One of the most galling things about migraine is how misunderstood it is, despite the fact that it affects over one in 10 people. As we’ve noted in past posts, those with the condition experience a great deal of stigma. They may be viewed as “fakers,” “weak,” or “lazy” because of the debilitating nature of their headaches. Furthermore, those with migraine internalize these attitudes; they start to see themselves as a burden to others and will further withdraw from social and professional obligations.
It’s a vicious cycle, and given that the exact causes and pathways of migraine are still being researched, there’s much work to be done when it comes to dispelling myths and misconceptions. The question is, what can a person with migraine—or someone who has a loved one with it—do to combat these negative perceptions? It’s not easy, but a good way to start is to become proactive about finding and establishing community. Only by being visible, by saying in no uncertain terms, “migraine is a real medical issue that we all must deal with,” will we be able to take on migraine stigma and find the support we need.
Clicking Towards Community
There’s no doubt that the internet can be an excellent tool for finding support and community. Online there’s no shortage of helpful resources for those with migraine and their loved ones. While, of course, it pays to be skeptical when it comes to medical information you find on the web—not everything you’re going to run into there is accurate—what is very helpful are personal blogs and forums for those with this condition. It’s in these spaces that a migraineur or their loved ones encounter people with similar stories and struggles.
What these spaces do is put a human face on the issue: they remind us that, beyond the numbers and the science, these are real people struggle with migraine. As Kerrie Smyres, founder of The Daily Headache (thedailyheadache.com) puts it, “What began as a way to share my experiences quickly became the best job I’ve ever had. I’ve learned so much about migraine, headache disorders and chronic illness, discovered new coping strategies and treatments, and met incredible people.” Clearly, Smyres got a great deal out of this work, and, in the process, she found another means of coping and moving forward.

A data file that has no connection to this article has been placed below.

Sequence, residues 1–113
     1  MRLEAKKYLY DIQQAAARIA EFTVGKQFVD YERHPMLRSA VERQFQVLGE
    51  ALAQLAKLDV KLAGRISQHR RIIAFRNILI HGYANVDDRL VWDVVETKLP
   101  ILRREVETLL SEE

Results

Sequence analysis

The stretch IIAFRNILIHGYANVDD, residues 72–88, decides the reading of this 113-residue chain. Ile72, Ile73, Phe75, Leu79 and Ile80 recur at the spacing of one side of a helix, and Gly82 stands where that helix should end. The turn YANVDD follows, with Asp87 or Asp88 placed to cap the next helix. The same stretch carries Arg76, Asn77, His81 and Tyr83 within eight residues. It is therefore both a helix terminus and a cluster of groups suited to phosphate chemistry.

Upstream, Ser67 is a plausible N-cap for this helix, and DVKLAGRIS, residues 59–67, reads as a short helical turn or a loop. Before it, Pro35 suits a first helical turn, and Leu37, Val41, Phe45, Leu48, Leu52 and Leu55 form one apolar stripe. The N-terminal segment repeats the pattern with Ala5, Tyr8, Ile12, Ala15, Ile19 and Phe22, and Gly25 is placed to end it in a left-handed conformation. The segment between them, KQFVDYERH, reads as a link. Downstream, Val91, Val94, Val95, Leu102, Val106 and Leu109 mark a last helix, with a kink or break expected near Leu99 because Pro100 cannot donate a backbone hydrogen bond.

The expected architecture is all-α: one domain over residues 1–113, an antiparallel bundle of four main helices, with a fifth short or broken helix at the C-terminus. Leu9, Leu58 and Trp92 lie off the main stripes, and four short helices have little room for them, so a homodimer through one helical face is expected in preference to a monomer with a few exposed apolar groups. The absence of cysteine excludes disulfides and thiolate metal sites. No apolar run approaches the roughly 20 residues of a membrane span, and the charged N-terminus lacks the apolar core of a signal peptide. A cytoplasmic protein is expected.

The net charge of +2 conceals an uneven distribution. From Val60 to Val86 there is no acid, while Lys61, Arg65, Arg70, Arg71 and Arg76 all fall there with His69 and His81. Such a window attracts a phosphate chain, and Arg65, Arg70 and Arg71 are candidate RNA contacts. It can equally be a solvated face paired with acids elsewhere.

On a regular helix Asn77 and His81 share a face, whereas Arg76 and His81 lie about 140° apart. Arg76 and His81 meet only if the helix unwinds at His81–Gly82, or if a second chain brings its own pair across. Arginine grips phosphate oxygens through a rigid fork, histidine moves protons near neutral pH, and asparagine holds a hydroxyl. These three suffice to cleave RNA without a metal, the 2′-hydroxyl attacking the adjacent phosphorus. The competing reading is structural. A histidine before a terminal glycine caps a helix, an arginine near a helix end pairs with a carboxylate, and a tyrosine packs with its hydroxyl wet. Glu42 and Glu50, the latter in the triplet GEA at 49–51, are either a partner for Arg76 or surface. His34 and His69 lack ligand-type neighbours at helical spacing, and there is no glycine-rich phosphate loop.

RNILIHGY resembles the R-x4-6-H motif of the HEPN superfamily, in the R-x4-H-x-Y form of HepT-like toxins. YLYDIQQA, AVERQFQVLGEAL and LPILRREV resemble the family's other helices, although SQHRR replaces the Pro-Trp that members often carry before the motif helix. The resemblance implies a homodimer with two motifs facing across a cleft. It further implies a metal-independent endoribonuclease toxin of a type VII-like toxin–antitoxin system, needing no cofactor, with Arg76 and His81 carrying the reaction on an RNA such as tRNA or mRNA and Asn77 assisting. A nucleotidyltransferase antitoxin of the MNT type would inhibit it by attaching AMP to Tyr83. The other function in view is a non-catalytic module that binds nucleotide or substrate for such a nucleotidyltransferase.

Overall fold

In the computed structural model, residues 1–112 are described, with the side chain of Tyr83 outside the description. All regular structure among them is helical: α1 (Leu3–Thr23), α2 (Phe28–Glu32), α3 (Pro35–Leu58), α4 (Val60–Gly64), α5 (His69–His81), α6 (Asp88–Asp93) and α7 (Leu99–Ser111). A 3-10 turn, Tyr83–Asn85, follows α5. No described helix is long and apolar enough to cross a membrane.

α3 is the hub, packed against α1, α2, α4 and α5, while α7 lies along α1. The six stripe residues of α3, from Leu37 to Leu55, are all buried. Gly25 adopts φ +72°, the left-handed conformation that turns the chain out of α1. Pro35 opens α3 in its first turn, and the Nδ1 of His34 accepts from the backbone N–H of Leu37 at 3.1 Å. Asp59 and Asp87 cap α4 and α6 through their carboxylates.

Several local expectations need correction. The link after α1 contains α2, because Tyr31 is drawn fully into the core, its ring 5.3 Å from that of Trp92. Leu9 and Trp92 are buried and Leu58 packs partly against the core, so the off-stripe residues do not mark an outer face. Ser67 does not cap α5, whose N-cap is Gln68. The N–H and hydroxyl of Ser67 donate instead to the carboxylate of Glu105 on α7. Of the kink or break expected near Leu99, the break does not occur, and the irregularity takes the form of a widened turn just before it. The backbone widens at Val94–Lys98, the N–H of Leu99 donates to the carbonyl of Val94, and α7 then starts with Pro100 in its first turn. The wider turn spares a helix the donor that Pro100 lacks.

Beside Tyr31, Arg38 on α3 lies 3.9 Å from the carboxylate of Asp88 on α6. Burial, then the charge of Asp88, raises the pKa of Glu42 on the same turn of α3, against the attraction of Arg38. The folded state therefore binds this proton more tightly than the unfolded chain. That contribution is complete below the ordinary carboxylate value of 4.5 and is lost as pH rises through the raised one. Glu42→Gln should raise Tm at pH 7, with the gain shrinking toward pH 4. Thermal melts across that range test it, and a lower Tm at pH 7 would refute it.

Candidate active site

The focus of her blog, and many others like it, is on the more personal and emotional side of this difficult condition. By going through these experiences, she and other bloggers are able to provide a platform for empathy and understanding. It’s a two-way street: Writers are able to give voice to their own struggles with migraine, and readers are reminded that they’re not alone.
Here’s a here’s a quick but by no means exhaustive list of such blogs:
- Chronic Migraine Warrior (www.chronicmigrainewarrior.com): Jamie Valendy breaks down the daily struggles and triumphs of living with chronic migraine. His is a very personal but compassionate voice.
- My Migraine Life (https://mymigrainelife.wordpress.com): Founder, Sarah, notes: “I focus on being positive. Migraines can be depressing and surrounding myself with a positive support system and mindset helps me enjoy life.”
- Migraine Chick (http://migrainechickie.blogspot.com/): This blog takes a more quirky approach to dealing with migraine and yet still engages directly with the difficulty and struggle of living with it. It’s equal parts harrowing and uplifting.
- Putting Our Heads Together (www.puttingourheadstogether.com): Teri Roberts approaches her website as a means to pool together helpful information about migraine as well as her own personal reflections on living with the condition. Here, you might find quick reviews of books or products, discussion of pertinent issues as well as helpful links to other sources.
There are plenty more; once you start looking for them, you’ll see that there’s a thriving online community for those with migraine. (I should also note that we on this blog are committed to advocating for migraineurs and contributing to this community.)
The Personal is Public
As bloggers like Smyres, Roberts and the others can attest, for migraineurs who are more creatively minded, a platform dedicated to discussing struggles with the condition may help them cope with the condition. It may be worth it to look into contributing to such a space or to starting one yourself. Just the practice of setting down experiences in writing gives a person some level of control over them. In addition, it inspires those with the condition or their loved ones to gain a fuller understanding of what’s happening.
Still, establishing a public forum like this is not for everyone. Not everyone is driven to record and to write the way that Smyres and other bloggers are. Still, there’s certainly therapeutic value in more private forms of expression like keeping journals. Furthermore, you can advocate for migraine in other ways: by speaking about it honestly to family and friends; by supporting the work of likeminded advocates; and by donating and promoting organizations involved in raising awareness and improving care.
If you or a loved one has migraine, there’s no need to feel alone; there’s a vibrant and supportive community out there, ready to help.
- Saper, Joel and Medical Advisory Board Chair. ‘Migraine Facts’. 2016. Accessed December 28, 2016. https://migraineresearchfoundation.org/about-migraine/migraine-facts/.